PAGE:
Now I know that rule number 1 in the travel business states that “there is no correlation between airfares and logic”, but BA in their inimitable fashion have managed to confuse even this truism.
Let me explain.
In their enthusiasm to fool passengers into believing that they might actually fly somewhere for $99, airlines have taken to extracting costs from the fare and adding “surcharges” to make up the difference; these, we are told, are necessary as they are “temporary” and directly linked to the additional costs in transporting a passenger in these difficult times. Fine.
However, when one cancels a non-refundable ticket, something odd happens. The “fare” which is not returned to one is also now linked to the “fuel surcharge” part of the tax cost, which is also withheld from refund. Very odd.
The surcharge for hauling one’s body into the air is most assuredly not part of the fare when advertised, but a surcharge; yet when refunds are made, it migrates into the fare.
Let us look quickly at the concept of a “surcharge”. These are (or should be) levies made due to unexpected and unabsorbable rises in costs. The current enthusiasm for fuel surcharges were implemented a couple of years ago when the price of oil reached $140/ barrel, and the airlines faced extreme uncertainty. They could not have forecasted this degree of volatility in their fare structure and believed the necessity for the “surcharge” would be temporary.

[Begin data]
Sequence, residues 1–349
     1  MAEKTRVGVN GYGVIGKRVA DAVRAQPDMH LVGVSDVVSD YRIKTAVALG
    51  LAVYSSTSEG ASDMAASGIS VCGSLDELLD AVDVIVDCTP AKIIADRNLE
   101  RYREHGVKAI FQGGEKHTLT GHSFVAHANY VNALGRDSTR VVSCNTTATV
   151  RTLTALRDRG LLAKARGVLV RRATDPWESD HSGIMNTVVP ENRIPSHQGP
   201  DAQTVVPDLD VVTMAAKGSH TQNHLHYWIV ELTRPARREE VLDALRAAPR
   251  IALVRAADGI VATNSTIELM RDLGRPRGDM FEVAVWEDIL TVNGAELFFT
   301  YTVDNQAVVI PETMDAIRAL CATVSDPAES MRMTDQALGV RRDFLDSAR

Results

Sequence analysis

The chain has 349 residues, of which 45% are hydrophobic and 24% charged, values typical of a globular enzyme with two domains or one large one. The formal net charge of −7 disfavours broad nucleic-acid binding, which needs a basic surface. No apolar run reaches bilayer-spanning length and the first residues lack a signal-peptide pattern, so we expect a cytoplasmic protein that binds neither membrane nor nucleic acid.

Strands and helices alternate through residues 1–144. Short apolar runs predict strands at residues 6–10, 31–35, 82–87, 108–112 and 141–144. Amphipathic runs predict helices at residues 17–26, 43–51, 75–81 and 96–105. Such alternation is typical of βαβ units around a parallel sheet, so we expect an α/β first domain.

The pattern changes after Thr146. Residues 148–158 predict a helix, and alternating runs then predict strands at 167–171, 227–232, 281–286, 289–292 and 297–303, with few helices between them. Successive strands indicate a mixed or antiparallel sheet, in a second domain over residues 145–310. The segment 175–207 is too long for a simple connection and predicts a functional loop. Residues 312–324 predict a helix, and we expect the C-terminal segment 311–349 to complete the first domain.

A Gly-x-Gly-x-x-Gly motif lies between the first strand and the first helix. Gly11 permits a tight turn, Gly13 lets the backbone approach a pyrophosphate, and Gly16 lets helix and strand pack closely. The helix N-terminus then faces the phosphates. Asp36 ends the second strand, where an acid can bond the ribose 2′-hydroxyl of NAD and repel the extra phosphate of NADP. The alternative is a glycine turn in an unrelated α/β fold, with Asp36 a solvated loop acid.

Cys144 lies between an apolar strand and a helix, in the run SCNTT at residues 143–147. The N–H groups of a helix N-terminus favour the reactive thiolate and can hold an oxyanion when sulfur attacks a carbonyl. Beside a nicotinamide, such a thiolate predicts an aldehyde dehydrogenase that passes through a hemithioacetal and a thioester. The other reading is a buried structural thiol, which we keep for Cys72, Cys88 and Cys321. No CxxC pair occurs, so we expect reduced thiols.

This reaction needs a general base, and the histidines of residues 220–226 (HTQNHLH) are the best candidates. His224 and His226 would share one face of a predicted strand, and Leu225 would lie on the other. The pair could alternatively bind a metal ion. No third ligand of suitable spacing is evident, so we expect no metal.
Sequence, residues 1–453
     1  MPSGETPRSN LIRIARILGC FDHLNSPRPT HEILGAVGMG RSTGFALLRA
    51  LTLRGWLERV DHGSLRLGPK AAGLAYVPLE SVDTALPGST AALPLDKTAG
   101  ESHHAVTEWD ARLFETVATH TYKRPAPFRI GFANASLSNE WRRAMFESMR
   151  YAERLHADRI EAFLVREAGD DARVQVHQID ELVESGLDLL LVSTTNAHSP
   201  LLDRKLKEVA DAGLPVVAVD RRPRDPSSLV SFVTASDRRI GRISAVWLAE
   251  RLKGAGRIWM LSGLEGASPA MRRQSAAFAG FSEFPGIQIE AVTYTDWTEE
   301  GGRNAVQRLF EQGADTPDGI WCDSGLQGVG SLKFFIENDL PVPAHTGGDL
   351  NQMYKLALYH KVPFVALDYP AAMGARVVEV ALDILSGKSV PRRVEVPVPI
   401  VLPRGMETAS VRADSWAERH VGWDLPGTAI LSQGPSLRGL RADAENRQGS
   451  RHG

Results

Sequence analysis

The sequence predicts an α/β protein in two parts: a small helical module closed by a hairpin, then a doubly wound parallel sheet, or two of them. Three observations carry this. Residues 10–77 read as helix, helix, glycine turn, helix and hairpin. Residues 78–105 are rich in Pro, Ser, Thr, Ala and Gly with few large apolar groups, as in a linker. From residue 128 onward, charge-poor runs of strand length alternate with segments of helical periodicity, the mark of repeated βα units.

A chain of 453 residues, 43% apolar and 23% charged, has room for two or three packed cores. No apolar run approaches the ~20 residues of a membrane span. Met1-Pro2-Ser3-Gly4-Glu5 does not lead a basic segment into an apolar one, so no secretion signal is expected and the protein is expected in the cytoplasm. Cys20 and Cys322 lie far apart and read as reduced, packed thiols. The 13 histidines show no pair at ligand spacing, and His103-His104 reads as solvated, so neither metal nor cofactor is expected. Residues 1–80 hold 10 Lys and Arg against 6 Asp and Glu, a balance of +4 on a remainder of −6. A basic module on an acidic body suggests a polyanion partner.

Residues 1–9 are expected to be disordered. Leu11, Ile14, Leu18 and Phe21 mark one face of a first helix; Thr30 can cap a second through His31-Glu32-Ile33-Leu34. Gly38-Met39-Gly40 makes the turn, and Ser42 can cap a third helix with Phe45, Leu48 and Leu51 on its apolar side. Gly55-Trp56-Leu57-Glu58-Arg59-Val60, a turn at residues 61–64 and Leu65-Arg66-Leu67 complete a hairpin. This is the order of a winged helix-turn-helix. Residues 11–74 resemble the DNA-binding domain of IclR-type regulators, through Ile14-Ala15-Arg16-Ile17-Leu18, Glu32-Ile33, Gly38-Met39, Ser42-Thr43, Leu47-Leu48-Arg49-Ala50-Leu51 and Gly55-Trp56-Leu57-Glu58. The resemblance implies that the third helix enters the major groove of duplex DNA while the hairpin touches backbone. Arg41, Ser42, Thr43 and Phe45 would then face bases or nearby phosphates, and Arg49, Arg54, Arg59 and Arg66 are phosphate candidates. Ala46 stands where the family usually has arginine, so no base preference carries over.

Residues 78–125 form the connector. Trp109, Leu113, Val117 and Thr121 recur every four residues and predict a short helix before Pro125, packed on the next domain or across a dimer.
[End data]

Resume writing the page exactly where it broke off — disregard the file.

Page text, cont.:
No regulatory body, however, asked them what benchmark they used; or at what point they would be removed. Now, a few years later, one would think that the carriers’ fuel purchasers would have this figured out, removed the volatility from the market and adjusted their “fares” to accommodate a contracted and known price for fuel.
There is no reason to have a fuel surcharge in a market that is both balanced and manageable through the use of future-pricing contracts.
British Airways, by the way, are the only major carrier to hold onto this ill-appropriated cash. Air Canada, Lufthansa to name only a couple do not. They simply keep the “fare”, fair enough in the case of deeply discounted seat sales, but return the rest of the unused incidentals.
Why, British Airways, do you not refund this levy? Obviously you don’t need the fuel surcharge if you don’t actually have to lift me off the ground, so why keep it? Or is the answer self-evident to the grasping and unapproachable airline that you have sadly become?